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After the first day, England would have settled for a first-innings total in the vicinity of 300. If they managed to get nearly 100 more than that, it was largely due to the effort of Paul Collingwood
March 2, 2006
After the first day, England would have settled for a first-innings total in the vicinity of 300. If they managed to get nearly 100 more than that, it was largely due to the effort of Paul Collingwood, and some excellent lower-order resistance. Collingwood's wagon-wheel shows his penchant for leg-side play - more than 70% of his runs came in that region. In fact, leg-side scoring has been a feature of this match: 50 of Wasim Jaffer's 73 runs, and 29 of Rahul Dravid's 40 came in that region as well.
The most impressive aspect of Collingwood's innings was the manner in which he took charge when he was left with the tail. As the table below indicates, Collingwood was extremely circumspect on the first day, scoring at less than three per over against all the bowlers. On the second day, he upped his scoring rate dramatically, scoring at nearly or more than a run a ball against Irfan Pathan and Harbhajan Singh.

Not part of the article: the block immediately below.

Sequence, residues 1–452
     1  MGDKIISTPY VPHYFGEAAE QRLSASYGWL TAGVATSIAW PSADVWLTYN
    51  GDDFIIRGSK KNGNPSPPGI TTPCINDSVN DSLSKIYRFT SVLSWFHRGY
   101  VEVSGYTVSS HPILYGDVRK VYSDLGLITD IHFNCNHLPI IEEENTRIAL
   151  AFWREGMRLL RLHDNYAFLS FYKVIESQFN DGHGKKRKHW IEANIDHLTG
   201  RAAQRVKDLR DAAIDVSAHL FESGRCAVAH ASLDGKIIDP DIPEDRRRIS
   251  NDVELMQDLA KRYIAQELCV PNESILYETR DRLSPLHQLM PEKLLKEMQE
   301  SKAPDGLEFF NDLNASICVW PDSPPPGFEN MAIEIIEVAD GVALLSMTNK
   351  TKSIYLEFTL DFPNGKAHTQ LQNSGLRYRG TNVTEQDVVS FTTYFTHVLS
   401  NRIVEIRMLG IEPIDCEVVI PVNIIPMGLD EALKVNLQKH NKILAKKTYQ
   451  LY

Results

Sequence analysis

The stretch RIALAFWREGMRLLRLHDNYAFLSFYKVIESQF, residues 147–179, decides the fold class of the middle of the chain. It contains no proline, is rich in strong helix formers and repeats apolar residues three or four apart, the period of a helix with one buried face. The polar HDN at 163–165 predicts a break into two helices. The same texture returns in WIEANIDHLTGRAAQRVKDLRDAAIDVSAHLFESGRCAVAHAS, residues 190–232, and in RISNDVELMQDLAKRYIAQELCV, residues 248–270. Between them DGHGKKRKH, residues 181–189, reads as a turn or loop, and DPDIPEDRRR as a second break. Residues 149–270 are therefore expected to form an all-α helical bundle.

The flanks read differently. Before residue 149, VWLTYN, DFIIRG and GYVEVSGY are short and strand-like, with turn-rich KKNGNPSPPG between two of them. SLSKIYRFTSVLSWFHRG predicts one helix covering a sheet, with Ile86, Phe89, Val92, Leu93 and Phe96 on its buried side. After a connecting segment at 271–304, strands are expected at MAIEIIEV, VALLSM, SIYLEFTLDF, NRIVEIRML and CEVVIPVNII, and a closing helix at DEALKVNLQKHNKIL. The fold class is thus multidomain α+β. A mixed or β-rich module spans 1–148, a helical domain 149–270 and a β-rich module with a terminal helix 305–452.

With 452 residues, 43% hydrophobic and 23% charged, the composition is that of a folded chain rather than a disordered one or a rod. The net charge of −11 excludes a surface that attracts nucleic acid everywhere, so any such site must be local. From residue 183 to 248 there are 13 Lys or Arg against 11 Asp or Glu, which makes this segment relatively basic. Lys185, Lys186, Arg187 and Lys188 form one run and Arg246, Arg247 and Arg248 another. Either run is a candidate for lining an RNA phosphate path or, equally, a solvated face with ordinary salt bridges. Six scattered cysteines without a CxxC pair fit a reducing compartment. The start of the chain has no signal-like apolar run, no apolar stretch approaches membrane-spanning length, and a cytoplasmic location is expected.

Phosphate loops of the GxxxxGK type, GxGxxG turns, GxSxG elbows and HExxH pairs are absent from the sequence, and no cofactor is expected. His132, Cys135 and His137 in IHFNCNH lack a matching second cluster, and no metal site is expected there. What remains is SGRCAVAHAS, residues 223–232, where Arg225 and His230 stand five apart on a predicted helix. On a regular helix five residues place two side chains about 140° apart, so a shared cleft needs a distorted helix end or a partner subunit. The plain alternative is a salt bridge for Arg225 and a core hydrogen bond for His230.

|Bowler||1st day - runs||Balls||2nd day - runs||Balls|
Collingwood did the bulk of the scoring, but Steve Harmison and Monty Panesar offered him excellent support. It wasn't as if Collingwood farmed the strike when he was batting with them - Harmison faced 42 deliveries, Panesar played 43, while for Collingwood the corresponding figure was 83 - that's marginally less than 50% of the total balls. And though Panesar scored only 9, he helped Collingwood add 55 during that period, lifting England to a score that they would consider is par for the course on a pitch increasingly assisting spin.
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